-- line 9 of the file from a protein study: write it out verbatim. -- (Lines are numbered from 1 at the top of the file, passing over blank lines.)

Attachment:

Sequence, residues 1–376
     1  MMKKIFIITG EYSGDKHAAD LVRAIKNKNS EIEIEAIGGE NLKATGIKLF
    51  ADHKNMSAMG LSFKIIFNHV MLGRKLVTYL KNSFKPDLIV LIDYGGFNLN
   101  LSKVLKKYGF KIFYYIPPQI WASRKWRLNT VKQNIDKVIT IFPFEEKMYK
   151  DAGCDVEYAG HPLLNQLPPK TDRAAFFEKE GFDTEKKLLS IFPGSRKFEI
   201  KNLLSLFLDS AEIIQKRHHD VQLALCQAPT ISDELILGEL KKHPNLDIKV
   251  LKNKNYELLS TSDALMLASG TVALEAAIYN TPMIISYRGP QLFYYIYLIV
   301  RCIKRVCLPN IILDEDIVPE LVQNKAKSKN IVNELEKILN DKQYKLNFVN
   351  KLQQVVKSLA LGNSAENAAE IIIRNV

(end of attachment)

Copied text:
   351  KLQQVVKSLA LGNSAENAAE IIIRNV